The new permits would reportedly reduce the amount of solids and biological waste Atlanta is required to clean out of its sewage water before dumping it into the South River water system.
"Keep in mind that the South River is small. A small river with a lot of poop goes a long way," said Echols.
Post 2 County Commissioner Doreen Williams also took the trip to the public hearing. She wanted to let the EPD know how important the South River was to the recreational activities in Rockdale.
"I came specifically as a commissioner tonight to remind the EDP that the South River flows through Rockdale County," Williams said. "It is used in recreation. It is used as a PATH (walking/biking trail) system that we have invested heavily in. It needs to be a beautiful, pleasant place that it is designed to be. The county is creating a resolution expressing what we feel ought to happen."
The South River Resolution will let the EPD know the county's and the City of Conyers officials statement on the issue of Atlanta's permits and state what the government officials believe should happen, said Rockdale Water Resources Director Dwight Wicks, who also spoke at the public hearing.
Wicks told the EPD he was simply looking for compliance from the Atlanta and consistency from the EPD on performance standards.
He says that Rockdale County has to comply with its strict permits so why can't Atlanta - a city with significantly more money - do the same.
"When EPD visits Rockdale County, we too have wastewater treatment facilities. We will not be discussing (Biological Oxygen Demand) and (Total Suspended Solids).We will be discussing phosphorus and nitrogen to the minute levels," said Wicks. "Now I don't understand why we have to be so strict on our water levels, and BOD and TSS are going to be removed from another permit. So again, I'm just looking for consistency and compliance."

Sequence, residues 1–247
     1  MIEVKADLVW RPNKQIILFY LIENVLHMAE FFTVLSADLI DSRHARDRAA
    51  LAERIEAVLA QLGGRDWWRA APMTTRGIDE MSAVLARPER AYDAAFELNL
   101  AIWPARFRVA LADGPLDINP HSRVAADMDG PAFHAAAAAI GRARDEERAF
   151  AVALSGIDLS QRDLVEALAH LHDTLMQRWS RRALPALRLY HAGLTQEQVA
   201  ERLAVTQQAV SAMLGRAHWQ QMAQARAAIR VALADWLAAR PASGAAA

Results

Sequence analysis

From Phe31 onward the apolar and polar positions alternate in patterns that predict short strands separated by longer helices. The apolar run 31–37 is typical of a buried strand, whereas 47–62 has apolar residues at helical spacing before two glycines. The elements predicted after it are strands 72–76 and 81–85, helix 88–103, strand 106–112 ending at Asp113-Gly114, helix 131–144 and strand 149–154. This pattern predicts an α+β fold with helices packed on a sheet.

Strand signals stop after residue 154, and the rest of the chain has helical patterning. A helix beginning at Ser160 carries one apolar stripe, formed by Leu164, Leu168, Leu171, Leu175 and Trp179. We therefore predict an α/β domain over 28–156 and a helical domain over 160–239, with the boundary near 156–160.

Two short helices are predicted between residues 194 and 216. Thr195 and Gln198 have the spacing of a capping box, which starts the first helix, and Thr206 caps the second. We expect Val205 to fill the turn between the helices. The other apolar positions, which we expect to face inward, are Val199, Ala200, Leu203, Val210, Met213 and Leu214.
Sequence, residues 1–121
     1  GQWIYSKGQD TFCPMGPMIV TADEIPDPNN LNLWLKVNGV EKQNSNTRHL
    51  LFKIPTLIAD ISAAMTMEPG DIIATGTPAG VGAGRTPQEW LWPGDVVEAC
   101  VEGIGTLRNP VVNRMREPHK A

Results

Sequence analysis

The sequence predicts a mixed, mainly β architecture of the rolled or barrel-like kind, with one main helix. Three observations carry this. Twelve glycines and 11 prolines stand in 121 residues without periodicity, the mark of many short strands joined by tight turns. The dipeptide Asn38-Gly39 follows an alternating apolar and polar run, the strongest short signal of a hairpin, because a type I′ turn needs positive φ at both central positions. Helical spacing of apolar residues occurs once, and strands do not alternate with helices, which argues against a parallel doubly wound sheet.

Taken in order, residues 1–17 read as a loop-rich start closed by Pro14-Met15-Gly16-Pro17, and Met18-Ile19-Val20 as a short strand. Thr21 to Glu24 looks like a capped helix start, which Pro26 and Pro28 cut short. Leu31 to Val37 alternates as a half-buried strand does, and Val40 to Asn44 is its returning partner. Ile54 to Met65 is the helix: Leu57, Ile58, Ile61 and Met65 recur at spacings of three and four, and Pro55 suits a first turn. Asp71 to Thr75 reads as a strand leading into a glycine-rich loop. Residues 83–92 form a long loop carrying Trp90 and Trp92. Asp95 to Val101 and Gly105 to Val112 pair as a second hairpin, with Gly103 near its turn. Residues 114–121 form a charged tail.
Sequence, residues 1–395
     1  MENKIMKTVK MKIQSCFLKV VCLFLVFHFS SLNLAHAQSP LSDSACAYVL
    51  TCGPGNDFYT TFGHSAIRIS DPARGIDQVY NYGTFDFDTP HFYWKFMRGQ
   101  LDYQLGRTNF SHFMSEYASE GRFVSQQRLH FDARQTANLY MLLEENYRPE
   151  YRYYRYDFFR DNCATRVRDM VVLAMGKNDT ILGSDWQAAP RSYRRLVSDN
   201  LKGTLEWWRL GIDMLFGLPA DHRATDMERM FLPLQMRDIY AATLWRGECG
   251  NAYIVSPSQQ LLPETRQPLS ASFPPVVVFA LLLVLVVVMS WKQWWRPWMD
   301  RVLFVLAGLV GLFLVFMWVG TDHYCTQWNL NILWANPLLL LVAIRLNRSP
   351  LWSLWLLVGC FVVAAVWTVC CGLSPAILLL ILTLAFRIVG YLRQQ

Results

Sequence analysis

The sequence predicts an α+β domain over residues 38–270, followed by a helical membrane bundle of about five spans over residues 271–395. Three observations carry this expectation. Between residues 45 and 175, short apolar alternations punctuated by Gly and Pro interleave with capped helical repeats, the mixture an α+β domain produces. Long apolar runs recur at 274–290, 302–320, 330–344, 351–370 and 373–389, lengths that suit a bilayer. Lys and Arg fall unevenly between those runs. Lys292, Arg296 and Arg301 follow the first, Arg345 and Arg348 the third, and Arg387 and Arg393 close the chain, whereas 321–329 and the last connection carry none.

Newton County resident Hoke Thomas, who has owned the Snapping Shoals hydro-electric facility in Newton County since 1976, says that water quality has improved in the decades since he's owned the facility and praised EPD and the city of Atlanta for their work.
But he also acknowledged that the runoff from heavy rainfall contributes mightily to the pollution of the river.
"It seems like God flushed the commode," said Thomas. "It smells. I can't say enough bad things about it."
Thomas is not so optimistic that anything positive will happen with the South River anytime soon.
"In my lifetime, I don't think the South River... will ever change," he said. "You need money to make things happen and Atlanta just doesn't have the money."
EPD Wastewater Regulatory Program Manager Jane Hendricks told the audience that the EPD would not be responding to any comments but all comments would be taken into consideration.
Written comments from the public are due to GA EPD, 2 MLK, Jr. Drive, Suite 1152E, Atlanta, GA 30334 or via email at EPDcomments@dnr.state.ga.us by Friday, February 13, 2015. In comments by email, use the words "NPDES Permit Reissuance - City of Atlanta Combined Sewer System" in the subject line.
Rockdale draws its drinking water from the Haynes Creek watershed which feeds the Randy Poynter Reservoir in the north half of the county.